This is Your Jewish Brain on Trauma
By Dr. Caryn Aviv and Dr. Karen Erlichman
David Steiner recently wrote a provocative piece in this forum. As a secular Jew, Steiner was responding to feeling excluded by the use of the word ‘spiritual’ in Jewish spaces.’ Steiner argued that being secular is akin to being queer (LGBTQ). People don’t choose to be queer; it is who they are – and historically have experienced marginalization and persecution simply because of who they are.
In Steiner’s argument, this is also the case with secular Jews. Steiner describes how secular Jews feel marginalized and alienated, simply for being who they are as secular, in a wider world in which ‘spirituality’ is presumed. For Steiner, secular is the new queer.
Notwithstanding the many flaws in this analogy (see Joanna Ware’s response), we think Steiner’s piece touches on important questions about language and trauma, and how that shapes our sense of belonging or alienation. Language, trauma, belonging, and alienation all shape our experience of Jewish communities and cultures we inherit from previous generations, and informs the kind of Jewish community and culture we want to create.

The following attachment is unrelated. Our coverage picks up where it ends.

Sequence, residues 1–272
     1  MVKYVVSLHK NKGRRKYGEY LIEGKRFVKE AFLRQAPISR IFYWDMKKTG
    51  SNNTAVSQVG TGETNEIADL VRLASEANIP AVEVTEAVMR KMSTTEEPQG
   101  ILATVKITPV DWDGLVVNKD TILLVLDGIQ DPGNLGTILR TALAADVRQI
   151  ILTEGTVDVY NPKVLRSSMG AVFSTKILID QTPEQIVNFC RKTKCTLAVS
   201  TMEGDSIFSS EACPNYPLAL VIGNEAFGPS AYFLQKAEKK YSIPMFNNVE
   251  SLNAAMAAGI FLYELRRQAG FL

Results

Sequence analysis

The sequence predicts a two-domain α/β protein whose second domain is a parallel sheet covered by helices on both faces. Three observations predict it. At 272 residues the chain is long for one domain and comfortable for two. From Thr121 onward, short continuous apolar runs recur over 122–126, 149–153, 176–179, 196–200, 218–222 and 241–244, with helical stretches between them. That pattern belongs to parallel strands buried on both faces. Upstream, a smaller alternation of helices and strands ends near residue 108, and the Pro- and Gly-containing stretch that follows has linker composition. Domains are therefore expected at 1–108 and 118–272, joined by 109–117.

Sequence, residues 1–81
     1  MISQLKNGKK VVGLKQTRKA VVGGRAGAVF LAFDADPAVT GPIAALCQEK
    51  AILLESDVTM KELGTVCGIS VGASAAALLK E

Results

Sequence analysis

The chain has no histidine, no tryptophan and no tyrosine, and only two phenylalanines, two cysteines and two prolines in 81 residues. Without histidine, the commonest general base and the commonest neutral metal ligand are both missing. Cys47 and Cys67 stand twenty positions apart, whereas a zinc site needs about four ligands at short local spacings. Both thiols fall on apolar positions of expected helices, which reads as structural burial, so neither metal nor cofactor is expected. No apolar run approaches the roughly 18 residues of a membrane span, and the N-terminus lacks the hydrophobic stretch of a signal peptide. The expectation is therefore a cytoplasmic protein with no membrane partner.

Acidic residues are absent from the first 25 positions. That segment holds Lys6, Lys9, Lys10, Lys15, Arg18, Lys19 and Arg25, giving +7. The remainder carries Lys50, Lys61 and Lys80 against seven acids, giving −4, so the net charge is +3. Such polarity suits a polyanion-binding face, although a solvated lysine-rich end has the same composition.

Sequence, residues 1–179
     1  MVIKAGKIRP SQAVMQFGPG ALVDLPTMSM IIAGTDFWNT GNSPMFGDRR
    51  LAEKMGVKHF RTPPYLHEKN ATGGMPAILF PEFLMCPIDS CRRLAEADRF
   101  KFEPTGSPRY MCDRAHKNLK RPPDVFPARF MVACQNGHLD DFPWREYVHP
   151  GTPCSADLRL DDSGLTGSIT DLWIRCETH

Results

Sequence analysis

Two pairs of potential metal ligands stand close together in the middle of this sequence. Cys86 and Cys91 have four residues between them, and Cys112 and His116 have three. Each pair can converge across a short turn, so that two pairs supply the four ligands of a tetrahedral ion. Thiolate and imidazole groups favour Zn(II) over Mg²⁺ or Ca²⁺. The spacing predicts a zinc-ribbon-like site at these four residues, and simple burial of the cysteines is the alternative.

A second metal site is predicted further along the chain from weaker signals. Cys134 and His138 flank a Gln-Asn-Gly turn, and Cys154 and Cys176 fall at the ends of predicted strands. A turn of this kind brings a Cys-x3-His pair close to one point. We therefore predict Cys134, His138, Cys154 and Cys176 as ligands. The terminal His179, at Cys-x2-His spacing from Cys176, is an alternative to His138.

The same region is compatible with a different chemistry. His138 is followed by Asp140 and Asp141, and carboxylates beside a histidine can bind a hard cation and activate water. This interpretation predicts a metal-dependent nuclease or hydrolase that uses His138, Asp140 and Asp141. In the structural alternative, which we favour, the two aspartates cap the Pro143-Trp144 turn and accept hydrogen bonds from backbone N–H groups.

Language matters. The presence of Jewish trauma also matters, and it influences our yearning to heal, and to belong.
The analogy that secular is the new queer must be understood by simultaneously acknowledging the residual effects of Jewish historical trauma, and its lingering impact on how we perceive the present moment.
One thing we know from our work is that Jews (whether queer, secular, both, or neither) carry conscious and unconscious patterns of residual trauma. There is growing research indicating that historical persecution, and multigenerational trauma evokes patterns of behavioral responses that create emotional landmines. These landmines exist and play out within us, and between us as human beings (see, for example, season 2 of “Transparent”). Often these triggers result in infighting, intracommunal hostility, and poor communication that engender feelings of confusion, anger, defensiveness, hurt, and grief.